One problem I have run across in divorce cases has to do with putting a value on real property. Real estate values are more than a bit difficult to hit accurately these days due to volatility in the market, so what can a lawyer do to make sure a client’s property is valued at what it is worth?
That is an important question to answer and getting it wrong could hurt a client’s best interests and a lawyer’s reputation.
Unfortunately, there is no universal way to determine what a piece of property is actually worth. James O. Wyre, a lawyer with the Bankruptcy Professional Center in Conway (BankruptcyJW.com) said the first question a lawyer needs to ask is what the standard is in the field where the property value is relevant.
In Bankruptcy, for example, Wyre said the emphasis is on liquidation. That being the case, using the traditional fair market value analysis to determine how much the property is worth might not be sufficient. He said fair market value is often based on the notion of how much the property should sell for if given time to sit for up to a year and be marketed properly so as to bring in as many prospective buyers as possible.
When a property is liquidated in bankruptcy court, Wyre said the traditional fair market value analysis is usually tossed out the window in favor of a “90-day rule” – what price will the property bring if sold within three months? That 90-day price will almost always be substantially less than what a traditional fair market value analysis will produce.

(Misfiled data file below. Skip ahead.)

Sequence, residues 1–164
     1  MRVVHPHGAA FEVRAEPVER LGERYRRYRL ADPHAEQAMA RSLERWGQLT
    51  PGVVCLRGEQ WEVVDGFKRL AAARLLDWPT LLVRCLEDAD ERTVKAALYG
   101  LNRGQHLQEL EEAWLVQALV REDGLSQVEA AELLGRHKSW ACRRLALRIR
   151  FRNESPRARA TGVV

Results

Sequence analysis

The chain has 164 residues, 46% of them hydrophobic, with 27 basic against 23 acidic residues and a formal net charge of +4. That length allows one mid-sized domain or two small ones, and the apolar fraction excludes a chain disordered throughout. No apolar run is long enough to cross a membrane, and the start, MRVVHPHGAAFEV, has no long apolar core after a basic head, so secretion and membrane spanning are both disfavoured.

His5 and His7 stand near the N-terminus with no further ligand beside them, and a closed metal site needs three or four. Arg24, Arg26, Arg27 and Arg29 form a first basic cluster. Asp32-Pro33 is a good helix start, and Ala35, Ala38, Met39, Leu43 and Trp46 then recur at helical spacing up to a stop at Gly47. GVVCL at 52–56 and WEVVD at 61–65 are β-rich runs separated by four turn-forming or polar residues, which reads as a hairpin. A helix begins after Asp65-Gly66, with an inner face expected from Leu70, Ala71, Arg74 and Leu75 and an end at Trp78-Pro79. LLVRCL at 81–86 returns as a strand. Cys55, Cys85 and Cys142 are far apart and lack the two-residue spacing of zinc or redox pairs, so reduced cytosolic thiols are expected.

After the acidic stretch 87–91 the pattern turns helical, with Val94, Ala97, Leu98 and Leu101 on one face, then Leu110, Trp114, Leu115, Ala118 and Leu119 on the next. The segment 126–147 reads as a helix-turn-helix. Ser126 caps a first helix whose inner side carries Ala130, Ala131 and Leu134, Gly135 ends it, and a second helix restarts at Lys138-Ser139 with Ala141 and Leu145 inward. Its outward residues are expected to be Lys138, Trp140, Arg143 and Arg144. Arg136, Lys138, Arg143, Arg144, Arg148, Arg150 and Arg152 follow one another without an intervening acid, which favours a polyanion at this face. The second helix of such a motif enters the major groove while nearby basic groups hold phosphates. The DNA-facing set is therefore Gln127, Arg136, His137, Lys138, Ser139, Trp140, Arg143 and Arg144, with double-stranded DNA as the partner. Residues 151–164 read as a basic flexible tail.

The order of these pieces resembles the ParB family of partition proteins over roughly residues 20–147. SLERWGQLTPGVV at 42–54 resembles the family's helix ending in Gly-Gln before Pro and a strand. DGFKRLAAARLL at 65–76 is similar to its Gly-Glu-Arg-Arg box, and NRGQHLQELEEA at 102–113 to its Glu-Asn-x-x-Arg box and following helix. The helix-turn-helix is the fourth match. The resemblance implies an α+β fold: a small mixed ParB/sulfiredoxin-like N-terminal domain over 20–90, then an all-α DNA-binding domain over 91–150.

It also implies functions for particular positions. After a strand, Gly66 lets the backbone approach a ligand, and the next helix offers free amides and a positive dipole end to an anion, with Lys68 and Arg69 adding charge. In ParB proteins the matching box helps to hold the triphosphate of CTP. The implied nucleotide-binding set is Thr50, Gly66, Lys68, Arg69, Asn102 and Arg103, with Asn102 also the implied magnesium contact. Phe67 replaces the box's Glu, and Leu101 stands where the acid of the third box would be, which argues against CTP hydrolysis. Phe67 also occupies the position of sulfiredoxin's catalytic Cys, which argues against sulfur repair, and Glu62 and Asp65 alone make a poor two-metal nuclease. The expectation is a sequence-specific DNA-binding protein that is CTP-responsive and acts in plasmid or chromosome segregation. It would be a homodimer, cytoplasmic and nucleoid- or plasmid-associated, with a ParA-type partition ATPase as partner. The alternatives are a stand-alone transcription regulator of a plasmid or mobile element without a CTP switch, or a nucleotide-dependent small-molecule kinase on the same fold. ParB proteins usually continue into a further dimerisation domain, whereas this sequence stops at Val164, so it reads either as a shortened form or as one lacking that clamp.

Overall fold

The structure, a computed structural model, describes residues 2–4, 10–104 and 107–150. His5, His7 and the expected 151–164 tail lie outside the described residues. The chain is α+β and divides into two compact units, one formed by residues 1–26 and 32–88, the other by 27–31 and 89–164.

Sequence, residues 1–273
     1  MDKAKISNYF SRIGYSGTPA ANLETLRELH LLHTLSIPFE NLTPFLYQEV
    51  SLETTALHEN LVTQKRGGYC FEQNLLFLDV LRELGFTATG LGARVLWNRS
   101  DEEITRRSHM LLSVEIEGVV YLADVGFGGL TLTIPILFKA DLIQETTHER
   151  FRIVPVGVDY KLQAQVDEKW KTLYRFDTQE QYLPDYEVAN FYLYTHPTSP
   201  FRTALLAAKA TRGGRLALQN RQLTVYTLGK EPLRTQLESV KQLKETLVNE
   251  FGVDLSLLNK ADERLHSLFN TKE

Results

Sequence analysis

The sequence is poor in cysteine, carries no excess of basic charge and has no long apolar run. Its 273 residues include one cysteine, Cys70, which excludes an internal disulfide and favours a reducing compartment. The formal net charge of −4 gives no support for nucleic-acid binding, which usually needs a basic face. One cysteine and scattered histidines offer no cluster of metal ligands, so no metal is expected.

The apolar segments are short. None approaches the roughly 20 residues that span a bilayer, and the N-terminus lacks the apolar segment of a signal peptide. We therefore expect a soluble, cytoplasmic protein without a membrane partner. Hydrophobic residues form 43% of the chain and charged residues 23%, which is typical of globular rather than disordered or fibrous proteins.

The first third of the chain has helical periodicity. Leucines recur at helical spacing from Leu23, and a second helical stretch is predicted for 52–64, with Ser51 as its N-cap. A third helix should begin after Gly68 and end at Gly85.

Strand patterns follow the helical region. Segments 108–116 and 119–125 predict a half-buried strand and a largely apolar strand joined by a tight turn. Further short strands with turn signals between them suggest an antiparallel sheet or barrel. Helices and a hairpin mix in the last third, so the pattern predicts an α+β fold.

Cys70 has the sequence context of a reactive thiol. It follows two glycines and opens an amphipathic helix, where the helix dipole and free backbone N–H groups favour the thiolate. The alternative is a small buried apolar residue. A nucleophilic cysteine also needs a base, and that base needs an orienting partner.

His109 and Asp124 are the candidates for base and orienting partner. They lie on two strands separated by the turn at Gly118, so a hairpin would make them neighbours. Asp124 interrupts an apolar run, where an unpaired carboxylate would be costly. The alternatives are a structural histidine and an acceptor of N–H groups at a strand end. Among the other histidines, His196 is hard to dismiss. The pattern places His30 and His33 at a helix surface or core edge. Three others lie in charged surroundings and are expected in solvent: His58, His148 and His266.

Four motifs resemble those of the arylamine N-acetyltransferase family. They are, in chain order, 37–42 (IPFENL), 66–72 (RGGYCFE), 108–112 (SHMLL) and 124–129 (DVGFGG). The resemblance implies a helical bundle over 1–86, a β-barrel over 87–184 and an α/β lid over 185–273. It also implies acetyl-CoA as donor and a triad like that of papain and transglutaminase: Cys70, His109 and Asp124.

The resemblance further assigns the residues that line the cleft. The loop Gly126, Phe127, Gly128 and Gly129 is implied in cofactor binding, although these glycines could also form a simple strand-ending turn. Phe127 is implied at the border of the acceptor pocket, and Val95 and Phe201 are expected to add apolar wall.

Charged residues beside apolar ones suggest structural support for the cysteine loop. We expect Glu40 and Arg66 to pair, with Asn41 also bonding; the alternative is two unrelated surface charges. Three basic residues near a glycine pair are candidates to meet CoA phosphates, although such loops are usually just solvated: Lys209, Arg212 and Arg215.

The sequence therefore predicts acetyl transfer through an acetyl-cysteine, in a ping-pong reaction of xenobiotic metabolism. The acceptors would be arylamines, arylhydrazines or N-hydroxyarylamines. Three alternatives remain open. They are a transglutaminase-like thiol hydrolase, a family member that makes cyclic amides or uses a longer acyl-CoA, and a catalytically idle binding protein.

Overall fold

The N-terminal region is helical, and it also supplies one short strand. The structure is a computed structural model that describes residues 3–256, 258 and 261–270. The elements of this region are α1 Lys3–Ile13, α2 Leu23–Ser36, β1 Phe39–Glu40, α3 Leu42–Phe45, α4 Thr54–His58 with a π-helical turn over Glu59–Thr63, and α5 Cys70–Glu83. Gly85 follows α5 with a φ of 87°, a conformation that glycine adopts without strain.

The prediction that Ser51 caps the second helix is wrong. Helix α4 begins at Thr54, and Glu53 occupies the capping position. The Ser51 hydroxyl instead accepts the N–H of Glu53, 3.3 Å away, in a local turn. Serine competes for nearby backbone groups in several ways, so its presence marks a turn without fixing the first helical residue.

But how can that 90-day price be determined? Wyre said looking at county tax assessments is a good place to start and there are more than a few Realtors and appraisers out there who can provide that price.
David Nixon, an attorney with the Nixon Law Firm in Springdale (NixonLaw.com), said that 90-day rule can work in divorce cases where separating couples simply want to get rid of real property and divide the proceeds. He pointed out people are usually in a rush to get rid of property in those situations, so there is nothing wrong with aiming to liquidate homes, land and even personal property such as vehicles that people want to sell quickly.
When it comes to keeping assets, however, Nixon said looking at the traditional fair market value can be very helpful. If a husband and wife are dividing assets and the wife wants to keep the family home, it can be more equitable to determine the fair market value of that home when it comes to dividing assets equally.
Still, a major problem with fair market value in current real estate markets is that they can change quickly. In Arkansas, sales prices have trended downward all year long so that value can change very quickly. Another problem in volatile markets is that prices can start trending up quickly, too. In cases that can take months to resolve, fluctuating prices can be more than a bit problematic.
This column was authored by Ethan C. Nobles and originally appeared in the Sept. 2, 2014, edition of the Daily Record in Little Rock.
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